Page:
Hong Kong chief flags ‘pretend information’ legal guidelines as worries over media freedom develop

Hong Kong chief Carrie Lam stated on Tuesday the federal government was engaged on “pretend information” laws to deal with “misinformation, hatred and lies,” as worries develop over media freedoms within the international monetary hub.

Beneath Beijing’s instructions, Hong Kong has taken a swift authoritarian flip following the imposition of a sweeping nationwide safety regulation in 2020, with a recent drive for “patriotism” spilling into most elements of life within the metropolis.

A serious overhaul of public broadcaster RTHK, led by a newly appointed bureaucrat with no media expertise, is extensively seen as a sign that authorities pink traces will quickly encircle journalism as they produce other sectors, reminiscent of schooling.

Talking at her weekly information convention, Lam stated the federal government was researching “pretend information”, however added she had no timetable for the laws.

“The pretend information regulation wants loads of analysis, particularly (on) how abroad governments are tackling this more and more worrying pattern of spreading inaccurate info, misinformation, hatred and lies on the social media,” she stated.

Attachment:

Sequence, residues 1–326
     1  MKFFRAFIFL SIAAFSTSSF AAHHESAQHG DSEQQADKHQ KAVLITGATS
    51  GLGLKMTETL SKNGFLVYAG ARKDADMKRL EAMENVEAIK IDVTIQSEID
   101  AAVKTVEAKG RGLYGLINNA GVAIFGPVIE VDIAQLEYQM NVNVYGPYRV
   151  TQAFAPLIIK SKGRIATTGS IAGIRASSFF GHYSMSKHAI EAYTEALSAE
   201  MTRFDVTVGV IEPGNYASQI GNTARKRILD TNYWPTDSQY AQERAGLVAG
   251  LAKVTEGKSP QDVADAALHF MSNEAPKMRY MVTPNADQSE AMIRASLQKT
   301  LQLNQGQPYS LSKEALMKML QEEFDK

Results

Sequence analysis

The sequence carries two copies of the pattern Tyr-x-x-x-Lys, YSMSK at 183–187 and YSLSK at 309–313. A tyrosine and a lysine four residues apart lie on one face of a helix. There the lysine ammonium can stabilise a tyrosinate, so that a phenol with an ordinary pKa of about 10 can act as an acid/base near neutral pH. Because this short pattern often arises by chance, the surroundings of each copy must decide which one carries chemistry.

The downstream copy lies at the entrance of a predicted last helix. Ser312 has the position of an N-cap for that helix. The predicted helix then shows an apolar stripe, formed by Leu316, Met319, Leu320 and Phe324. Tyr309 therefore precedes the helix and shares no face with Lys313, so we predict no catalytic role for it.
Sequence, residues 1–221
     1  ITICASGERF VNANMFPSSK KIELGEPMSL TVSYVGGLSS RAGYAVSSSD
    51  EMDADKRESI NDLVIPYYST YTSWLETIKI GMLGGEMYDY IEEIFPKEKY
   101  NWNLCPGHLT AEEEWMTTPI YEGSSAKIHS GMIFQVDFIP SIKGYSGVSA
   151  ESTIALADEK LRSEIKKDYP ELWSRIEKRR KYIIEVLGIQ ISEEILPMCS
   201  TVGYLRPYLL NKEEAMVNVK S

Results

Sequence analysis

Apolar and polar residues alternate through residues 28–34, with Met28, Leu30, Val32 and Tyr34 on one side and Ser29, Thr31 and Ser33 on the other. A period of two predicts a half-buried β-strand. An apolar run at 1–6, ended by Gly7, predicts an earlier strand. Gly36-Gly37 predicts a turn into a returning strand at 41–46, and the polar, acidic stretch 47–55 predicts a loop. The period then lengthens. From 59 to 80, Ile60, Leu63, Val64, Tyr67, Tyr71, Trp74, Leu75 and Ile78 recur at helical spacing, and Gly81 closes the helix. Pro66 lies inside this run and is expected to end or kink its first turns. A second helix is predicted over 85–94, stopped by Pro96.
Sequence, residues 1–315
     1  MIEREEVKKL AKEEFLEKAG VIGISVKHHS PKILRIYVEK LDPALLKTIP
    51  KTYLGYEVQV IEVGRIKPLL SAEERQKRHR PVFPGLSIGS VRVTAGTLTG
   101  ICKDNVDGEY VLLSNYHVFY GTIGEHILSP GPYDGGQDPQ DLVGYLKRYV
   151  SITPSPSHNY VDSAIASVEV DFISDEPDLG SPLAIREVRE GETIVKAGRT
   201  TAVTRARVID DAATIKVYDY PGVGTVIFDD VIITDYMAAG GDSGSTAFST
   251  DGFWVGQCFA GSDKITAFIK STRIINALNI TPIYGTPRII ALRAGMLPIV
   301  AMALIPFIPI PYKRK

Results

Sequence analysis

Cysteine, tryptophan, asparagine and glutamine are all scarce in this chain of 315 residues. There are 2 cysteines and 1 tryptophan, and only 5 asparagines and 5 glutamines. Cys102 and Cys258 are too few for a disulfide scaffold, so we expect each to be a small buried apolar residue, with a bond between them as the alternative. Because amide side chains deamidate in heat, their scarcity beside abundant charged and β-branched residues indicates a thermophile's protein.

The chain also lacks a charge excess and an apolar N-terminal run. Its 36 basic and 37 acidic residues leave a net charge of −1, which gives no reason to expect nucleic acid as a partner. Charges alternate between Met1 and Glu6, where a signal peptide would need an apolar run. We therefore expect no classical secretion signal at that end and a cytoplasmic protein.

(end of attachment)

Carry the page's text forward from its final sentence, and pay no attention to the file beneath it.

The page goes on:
“We’ll proceed to be very critical about this concern due to the harm it’s doing to many individuals.”

Hong Kong Chief Govt Carrie Lam speaks at a ceremony marking the Nationwide Safety Training Day in Hong Kong, China April 15, 2021. REUTERS/Lam Yik

Her feedback come a day after RTHK reported the broadcaster wouldn’t renew the contract of its journalist Nabela Qoser, identified for her robust questioning of Lam and different officers throughout mass 2019 anti-government protests.

RTHK has additionally begun eradicating a few of its archives from its Youtube and social media channels, prompting on-line activists to again up a few of the content material on blockchain platforms.

One other RTHK journalist, Bao Choy, was discovered responsible by a courtroom final month of improperly accessing public information for a documentary on the police dealing with of a mob assault on pro-democracy protesters, reporters and bystanders in 2019.

Her documentary received an area press award the day earlier than the decision, which RTHK didn’t settle for.

The July 2019 assault in northern Yuen Lengthy district, when greater than 100 males in white T-shirts hit individuals with sticks and poles at a practice station, sparked widespread criticism of the police together with allegations of collusion with triad gangsters, which police deny. learn extra

Courts have but to convict any of the attackers.

Reporters With out Borders ranks Hong Kong eightieth out of 180 by way of press freedom, in freefall over the previous decade.

Our Requirements: The Thomson Reuters Belief Ideas.

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